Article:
The Land Shark Instant Survival Shelter is a multipurpose survival bag that’s affordable, lightweight, compact, and reversible: international orange on one side and digital camouflage on the other. The orange is highly visible, critical for rescue at land or sea, and the camouflage side, meant primarily for military use, might come in handy if you want to take refuge ashore without attracting unneeded attention. The outer layers of the laminated material conceal and protect a layer of aluminized film that reflects heat to provide warmth without the bulk of insulation. The bag weighs 22 oz and is 6″×8″×1″ when stowed in its zippered pouch and 38″×80″ when unfolded. It is designed to fit any person up to 6′3″ and we found that two people could fit inside the bag, an asset for rewarming someone with hypothermia. The waterproof, ripstop material is much more durable than a pocket-sized aluminized Mylar blanket, and bag provides better protection from the elements and warmth retention than a space blanket. It comes with a plastic clip and a whistle attached.
I tried the bag outside with the air temperature at 45 degrees Fahrenheit and without sunlight. I was barefoot and wearing shorts and a T-shirt. Getting into the bag is as easy as putting on a pair of pants: It takes about 20 seconds. After getting in, I tucked my head inside and pulled the drawstring tight to create a dead air space. Within 10 minutes the temperature inside climbed to 63.5 degrees. For a second trial, to simulate a man-overboard rescue scenario, I hosed myself down with 41-degree water, and slipped into the bag. I felt an even more distinct sense of warming up than I had when I was dry. As the bag warmed up, my reading glasses even fogged up. After 10 minutes the internal temperature stabilized at 57.2 degrees. Creating the dead air space was critical to warmth, and the great advantage of the bag over a blanket. Keeping the opening small and tight around my face kept me warm. With even a small gap I could feel cold outside air getting in. I minimized conductive heat loss by sitting on a boat cushion or dry forest duff on land. If I rested on heat-draining surfaces like concrete, I could feel the cold.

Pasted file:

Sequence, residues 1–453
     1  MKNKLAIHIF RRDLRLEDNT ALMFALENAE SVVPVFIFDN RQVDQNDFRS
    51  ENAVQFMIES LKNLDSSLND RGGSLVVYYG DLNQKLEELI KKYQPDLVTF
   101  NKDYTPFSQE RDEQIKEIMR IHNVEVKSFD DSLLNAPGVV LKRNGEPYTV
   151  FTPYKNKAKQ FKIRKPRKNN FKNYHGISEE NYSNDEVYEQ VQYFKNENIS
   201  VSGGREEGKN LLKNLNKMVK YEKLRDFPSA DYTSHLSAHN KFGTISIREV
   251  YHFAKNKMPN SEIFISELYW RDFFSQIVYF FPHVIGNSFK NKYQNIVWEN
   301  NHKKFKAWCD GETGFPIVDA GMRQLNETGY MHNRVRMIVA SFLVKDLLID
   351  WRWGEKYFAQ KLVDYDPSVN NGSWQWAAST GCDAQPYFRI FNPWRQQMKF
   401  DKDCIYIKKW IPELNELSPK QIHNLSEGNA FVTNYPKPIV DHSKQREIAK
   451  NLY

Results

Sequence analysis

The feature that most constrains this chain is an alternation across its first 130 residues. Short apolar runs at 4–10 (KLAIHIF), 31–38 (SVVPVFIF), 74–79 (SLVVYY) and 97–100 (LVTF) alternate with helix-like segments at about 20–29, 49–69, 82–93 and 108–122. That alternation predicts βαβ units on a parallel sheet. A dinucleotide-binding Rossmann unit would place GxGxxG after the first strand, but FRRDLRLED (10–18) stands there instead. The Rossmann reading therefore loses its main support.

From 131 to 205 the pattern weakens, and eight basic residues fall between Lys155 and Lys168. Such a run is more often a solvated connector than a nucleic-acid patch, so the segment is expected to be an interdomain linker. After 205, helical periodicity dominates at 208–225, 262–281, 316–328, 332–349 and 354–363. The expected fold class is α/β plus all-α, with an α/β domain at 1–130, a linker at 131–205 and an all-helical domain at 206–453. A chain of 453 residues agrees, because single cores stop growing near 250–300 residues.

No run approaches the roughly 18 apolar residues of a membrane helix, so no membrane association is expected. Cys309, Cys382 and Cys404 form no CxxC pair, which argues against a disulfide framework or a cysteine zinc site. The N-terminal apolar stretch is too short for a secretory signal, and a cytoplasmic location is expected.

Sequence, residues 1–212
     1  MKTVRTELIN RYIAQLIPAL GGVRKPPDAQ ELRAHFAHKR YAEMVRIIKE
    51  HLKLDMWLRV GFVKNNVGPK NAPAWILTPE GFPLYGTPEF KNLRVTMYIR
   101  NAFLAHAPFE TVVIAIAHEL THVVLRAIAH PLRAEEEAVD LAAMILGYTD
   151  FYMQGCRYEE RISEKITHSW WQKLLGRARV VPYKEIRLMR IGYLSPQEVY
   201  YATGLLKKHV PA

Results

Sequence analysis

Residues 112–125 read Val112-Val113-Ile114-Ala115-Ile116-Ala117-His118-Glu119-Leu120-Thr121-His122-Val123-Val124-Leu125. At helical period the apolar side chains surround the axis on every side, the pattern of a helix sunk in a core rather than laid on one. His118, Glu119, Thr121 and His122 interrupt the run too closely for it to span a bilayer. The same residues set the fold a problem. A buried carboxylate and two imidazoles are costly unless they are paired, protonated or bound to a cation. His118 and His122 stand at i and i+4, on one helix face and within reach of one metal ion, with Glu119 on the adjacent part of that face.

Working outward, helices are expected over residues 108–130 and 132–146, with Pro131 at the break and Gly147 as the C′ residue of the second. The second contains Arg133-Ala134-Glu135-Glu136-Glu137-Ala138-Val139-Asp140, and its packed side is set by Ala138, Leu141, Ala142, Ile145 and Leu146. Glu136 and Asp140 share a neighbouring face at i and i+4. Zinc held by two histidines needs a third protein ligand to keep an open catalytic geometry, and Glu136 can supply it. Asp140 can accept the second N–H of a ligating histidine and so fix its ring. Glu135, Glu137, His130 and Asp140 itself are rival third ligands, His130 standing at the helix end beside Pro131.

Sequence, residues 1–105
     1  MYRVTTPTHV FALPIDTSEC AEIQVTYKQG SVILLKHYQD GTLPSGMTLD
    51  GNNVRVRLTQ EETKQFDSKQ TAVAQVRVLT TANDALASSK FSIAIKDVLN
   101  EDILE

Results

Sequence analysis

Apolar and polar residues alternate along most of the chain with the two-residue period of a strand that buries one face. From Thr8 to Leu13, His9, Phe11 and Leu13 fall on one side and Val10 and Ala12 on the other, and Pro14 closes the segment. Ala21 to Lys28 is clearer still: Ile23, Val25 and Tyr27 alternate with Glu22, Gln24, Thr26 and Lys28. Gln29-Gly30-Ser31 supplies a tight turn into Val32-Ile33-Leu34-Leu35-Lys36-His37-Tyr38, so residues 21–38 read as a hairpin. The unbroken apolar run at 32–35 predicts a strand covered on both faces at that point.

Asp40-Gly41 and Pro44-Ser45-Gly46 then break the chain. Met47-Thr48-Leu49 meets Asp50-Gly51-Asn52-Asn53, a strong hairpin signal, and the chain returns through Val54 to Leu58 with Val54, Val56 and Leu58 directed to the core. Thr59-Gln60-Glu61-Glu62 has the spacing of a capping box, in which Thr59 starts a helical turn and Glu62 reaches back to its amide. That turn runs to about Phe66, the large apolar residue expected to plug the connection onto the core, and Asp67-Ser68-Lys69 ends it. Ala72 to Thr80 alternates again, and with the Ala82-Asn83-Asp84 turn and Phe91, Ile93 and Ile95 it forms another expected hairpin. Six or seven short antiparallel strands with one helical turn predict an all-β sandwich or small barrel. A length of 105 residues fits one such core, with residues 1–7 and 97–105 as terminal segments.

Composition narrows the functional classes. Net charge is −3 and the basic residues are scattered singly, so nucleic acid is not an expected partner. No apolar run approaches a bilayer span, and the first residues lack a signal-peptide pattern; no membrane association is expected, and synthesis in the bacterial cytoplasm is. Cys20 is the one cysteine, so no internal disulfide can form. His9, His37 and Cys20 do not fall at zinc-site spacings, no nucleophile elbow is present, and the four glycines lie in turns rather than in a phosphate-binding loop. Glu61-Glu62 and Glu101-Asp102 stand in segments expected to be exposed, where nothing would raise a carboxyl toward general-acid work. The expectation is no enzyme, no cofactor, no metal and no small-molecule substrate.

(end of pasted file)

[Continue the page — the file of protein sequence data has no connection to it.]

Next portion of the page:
I tried using the Land Shark bag in the water, a use indicated on the manufacturer’s website. It is feasible to get into the bag in the water, and it may, as the manufacturer suggests, extend survival time, but it is not a substitute for the buoyancy provided by a PFD or the functional thermal protection of a wet suit or dry suit.
The bag’s aluminized layer, by reflecting radiated heat, also offers “tactical stealth” and can help evade detection by thermal imaging equipment. While that’s useful in a military application, the thermal cloaking must be kept in mind in a survival situation. We conducted a mock search-and-rescue trial with an infrared camera. A person inside the bag was virtually invisible. An arm or a head left uncovered by the bag provided a clear image on the camera monitor. If you are in a survival situation and visibility is obscured you’ll want to get at least partially uncovered if you believe rescuers are nearby. They may be using infrared imaging to find you.
The aluminized film also makes a strong radar reflection—good news for small wooden boats. When we set a 40′ yawl’s radar at a ¼-mile range and 1,000′ away, the outstretched bag, suspended 6′ above the water level, was a smaller target than the 30′ to 50′ sailing and power boats moored nearby but just as easily discernible.
The Land Shark bag is a compact and versatile piece of equipment for a make-do weather protection for someone who neglected to bring rain wear, an unexpected bivouac ashore, an impromptu radar reflector if caught up in reduced visibility, or a means of warming someone after a man-overboard rescue. It’s worth having aboard.
Capt. David Bill is a Sea Survival Instructor at Tabor Academy in Marion, Massachusetts, and writes about his adventures on his blog, Boats and Life.
The LandShark Survival Bag sells for $65 and is available online from Corporate Air Parts.
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